Having shown potential in lab-based test work to increase head grades at the Razorback project, NextOre’s magnetic resonance (MR) ore sorting technology is to now get an outing in South Australia at the high-grade iron ore development.

Razorback owner, Magnetite Mines, says it has entered into an agreement with NextOre to supply a mobile bulk ore sorting plant using a magnetic resonance (MR) sensor for a trial of the technology at the project.

The company said: “This advances our exclusive partnership with NextOre and is an important step in our journey to unlocking the potential of the Razorback project. The company is excited by the potential of the NextOre technology to enhance processing of by ‘pre-concentrating’ run of mine ore feed to increase plant head grade.”

The NextOre agreement includes a non-refundable deposit of A$100,000 ($71,418) and contemplates further, staged payments of A$700,000, Magnetite Mines says. The scope covers supply of a full-scale mobile ore sorting plant to site at Razorback for sorting magnetite ore using MR technology during the trial period for the purpose of mine feasibility analysis. The agreement includes milestone dates, with the equipment despatch from the CSIRO Lucas Heights facility, in New South Wales, expected in 2021.

Formed in 2017 by CSIRO, Advisian Digital and RFC Ambrian, NextOre supplies MR ore sorting solutions to global mining companies that applies mineral sensing technology developed by the CSIRO.

Unlike traditional ore sorting technologies that are based on X-ray or infra-red transmission, NextOre’s on-belt MR analyser ore sorting solution allows for the grade of high throughput ore to be measured at industry-leading accuracies and speeds, NextOre says. Due to the high speed of the technology, the integrative system is able to perform the analysis, computation and physical diversion of waste ores down to one second intervals allowing for fast diversion or high-resolution sorting.

As previously reported, the company entered into an exclusivity agreement with NextOre granting Magnetite Mines exclusive use of its MR ore sorting technology for any magnetite processing applications Australia-wide and all iron ore applications in the Braemar (including New South Wales) for a period of four years.

Magnetite Mines Chairman, Peter Schubert, said: “NextOre’s magnetic resonance sorting technology, developed over many years in conjunction with the CSIRO, has a rapid response time allowing unprecedented selection accuracy and speed. The result is potential for a substantial increase in the head grade of plant feed, resulting in lower unit operating costs and a significant improvement in capital efficiency.

“This technology also offers potential environmental benefits, with enhanced water efficiency and reduced tailings volumes.”

He added: “We are particularly interested in the potential of the NextOre technology to increase the grade of ore fed to the concentrator. The bulk trial of this exciting technology will contribute to the study work now underway.”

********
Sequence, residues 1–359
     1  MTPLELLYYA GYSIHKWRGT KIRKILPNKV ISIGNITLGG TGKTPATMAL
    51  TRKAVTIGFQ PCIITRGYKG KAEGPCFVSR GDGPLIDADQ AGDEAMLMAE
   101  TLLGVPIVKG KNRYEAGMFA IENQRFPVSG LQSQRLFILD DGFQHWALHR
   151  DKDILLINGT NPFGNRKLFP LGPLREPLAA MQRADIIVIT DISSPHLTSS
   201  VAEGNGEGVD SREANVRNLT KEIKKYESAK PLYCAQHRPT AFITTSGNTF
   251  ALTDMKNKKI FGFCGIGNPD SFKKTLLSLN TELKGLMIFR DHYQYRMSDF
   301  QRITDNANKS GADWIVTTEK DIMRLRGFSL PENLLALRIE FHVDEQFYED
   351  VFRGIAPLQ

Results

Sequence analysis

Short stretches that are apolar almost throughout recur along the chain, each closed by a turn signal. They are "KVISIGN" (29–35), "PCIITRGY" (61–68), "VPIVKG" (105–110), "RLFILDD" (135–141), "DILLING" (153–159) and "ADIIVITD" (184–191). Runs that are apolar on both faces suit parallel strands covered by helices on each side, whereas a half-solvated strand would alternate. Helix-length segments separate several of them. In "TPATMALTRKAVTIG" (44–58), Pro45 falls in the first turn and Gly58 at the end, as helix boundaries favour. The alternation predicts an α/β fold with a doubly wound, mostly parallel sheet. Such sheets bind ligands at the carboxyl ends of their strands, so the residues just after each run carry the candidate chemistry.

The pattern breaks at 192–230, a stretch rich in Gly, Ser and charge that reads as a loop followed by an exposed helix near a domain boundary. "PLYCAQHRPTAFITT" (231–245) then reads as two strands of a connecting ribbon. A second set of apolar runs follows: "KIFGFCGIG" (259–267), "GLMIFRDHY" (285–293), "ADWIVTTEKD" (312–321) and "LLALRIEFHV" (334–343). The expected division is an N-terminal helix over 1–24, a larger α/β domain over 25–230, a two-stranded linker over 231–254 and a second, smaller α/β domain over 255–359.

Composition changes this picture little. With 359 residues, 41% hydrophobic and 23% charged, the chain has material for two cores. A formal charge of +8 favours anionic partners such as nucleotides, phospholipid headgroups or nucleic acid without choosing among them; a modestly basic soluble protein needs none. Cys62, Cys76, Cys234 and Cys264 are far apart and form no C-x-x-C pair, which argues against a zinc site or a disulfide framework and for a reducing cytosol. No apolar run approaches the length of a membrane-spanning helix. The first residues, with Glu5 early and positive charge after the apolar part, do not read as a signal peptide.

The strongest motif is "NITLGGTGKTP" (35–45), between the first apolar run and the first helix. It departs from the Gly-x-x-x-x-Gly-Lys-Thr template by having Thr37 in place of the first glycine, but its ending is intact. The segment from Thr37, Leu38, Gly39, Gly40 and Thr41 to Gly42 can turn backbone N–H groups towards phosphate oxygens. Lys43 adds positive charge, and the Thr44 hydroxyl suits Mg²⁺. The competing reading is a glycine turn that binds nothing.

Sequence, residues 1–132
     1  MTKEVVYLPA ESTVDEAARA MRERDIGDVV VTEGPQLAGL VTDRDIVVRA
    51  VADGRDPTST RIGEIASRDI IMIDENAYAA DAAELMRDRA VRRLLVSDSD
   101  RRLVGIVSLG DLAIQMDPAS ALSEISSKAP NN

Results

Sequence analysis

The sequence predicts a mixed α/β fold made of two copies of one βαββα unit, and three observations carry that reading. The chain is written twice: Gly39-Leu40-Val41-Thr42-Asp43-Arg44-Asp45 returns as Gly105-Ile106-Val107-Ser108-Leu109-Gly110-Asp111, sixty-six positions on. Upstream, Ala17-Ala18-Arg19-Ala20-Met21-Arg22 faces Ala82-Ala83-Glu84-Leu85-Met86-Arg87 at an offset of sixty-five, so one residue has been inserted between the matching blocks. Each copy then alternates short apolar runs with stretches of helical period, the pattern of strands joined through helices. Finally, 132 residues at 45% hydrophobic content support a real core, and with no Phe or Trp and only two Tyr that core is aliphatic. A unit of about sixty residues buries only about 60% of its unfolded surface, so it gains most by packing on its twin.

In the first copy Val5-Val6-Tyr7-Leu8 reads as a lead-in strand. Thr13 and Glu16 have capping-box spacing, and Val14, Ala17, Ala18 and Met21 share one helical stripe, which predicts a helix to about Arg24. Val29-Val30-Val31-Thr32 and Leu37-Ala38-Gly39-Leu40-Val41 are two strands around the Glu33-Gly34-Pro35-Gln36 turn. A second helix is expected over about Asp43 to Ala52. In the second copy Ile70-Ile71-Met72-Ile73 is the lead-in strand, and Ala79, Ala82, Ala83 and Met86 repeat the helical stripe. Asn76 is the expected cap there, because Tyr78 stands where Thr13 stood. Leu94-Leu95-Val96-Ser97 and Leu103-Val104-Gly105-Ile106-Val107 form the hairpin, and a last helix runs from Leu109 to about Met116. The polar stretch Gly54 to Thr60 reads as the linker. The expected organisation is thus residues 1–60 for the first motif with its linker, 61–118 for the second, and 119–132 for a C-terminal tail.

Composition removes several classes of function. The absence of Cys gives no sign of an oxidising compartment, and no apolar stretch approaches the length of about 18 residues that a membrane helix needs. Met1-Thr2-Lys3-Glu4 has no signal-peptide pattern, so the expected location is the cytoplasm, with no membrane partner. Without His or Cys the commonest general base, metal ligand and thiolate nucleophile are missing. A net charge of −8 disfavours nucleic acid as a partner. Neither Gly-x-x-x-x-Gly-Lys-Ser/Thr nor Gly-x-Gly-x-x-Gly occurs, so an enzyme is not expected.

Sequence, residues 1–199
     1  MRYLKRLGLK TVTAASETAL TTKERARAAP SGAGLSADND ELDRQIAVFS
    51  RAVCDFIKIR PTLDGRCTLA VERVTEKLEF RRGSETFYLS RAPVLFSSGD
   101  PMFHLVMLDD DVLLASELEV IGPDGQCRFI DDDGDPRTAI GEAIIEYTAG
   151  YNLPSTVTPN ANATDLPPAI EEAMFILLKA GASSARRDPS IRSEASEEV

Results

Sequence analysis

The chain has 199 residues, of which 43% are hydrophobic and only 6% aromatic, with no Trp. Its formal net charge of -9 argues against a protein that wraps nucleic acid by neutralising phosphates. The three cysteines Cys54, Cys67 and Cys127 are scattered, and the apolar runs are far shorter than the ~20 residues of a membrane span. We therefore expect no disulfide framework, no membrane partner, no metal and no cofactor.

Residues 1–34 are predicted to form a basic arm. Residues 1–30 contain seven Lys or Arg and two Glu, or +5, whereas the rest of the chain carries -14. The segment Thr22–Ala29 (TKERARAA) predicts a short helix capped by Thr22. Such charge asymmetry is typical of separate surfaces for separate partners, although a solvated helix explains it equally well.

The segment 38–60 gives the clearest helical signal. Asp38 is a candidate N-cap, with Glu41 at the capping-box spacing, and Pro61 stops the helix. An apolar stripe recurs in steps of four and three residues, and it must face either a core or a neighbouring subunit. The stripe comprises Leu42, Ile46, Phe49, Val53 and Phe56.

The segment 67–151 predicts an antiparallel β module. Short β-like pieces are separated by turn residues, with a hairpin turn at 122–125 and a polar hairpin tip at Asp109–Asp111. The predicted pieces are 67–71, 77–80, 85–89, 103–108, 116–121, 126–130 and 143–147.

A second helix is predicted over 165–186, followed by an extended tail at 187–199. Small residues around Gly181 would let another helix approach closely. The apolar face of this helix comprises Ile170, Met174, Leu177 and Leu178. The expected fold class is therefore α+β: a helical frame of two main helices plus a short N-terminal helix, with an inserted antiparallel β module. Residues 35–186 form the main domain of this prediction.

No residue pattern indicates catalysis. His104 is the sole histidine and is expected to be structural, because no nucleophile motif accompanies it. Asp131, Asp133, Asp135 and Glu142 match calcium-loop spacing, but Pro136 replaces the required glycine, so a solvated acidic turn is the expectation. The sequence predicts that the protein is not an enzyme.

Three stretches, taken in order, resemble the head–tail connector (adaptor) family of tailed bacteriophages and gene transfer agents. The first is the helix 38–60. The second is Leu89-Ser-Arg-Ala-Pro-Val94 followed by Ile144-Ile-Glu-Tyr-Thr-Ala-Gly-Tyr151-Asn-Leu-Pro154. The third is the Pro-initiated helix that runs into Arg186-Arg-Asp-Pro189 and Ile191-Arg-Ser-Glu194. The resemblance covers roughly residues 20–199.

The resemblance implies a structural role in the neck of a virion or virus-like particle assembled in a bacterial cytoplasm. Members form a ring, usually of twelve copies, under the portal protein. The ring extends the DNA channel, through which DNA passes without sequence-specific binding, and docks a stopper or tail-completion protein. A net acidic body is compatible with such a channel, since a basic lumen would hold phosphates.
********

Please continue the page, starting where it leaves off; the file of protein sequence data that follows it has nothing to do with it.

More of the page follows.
Chris Beal, CEO of NextOre said: “We are enthusiastic supporters of Magnetite Mines’ vision of unlocking the vast resources in South Australia’s Braemar region. Their disciplined approach, which leverages emerging technologies with well-established mining methodologies, is a testament to the team’s knowledge and experience in the field.

“In our collaborative planning, the Magnetite Mines methodology of carefully integrating mine and mill activities speaks strongly to the ability to generate the maximum value from bulk ore sorting solution. I am thrilled that NextOre can contribute to this transformative project and I look forward to jointly developing Australia’s reputation as a global leader in green resource extraction.”

Chrysos Corp completes PhotonAssay hat-trick at MinAnalytical Lab

Following on from the successful commissioning of its second PhotonAssay Max system earlier this year, Chrysos Corp says it has now completed commissioning of a third PhotonAssay Max system at the MinAnalytical laboratory in Kalgoorlie, Western Australia.

The Chrysos PhotonAssay solution provides rapid, accurate, safe and non-destructive ore grade analysis and, with the installation of this new system, MinAnalytical’s Kalgoorlie facility now has the security of double-redundancy and the capacity to service customers with fast turnaround on up to 100,000 samples per month, Chrysos said.

The technology, which was developed by CSIRO, slashes the time it takes to analyse a drilling sample from days to hours, according to Chrysos, and is an alternative to the traditional fire assay process. It represents a chemical-free approach to material analysis that gives accurate results in minutes and uses a larger sample size than fire assay, with reduced sample preparation.
A further benefit is that the new process enables the sample to be tested repeatedly if required – unlike fire assay, which involves the destruction of the sample, the company says.

Arriving in Kalgoorlie in late October, the new PhotonAssay Max was installed by Chrysos and its manufacturing partner, Nuctech, and completed site acceptance testing in mid-November, with final sign-off occurring earlier this month.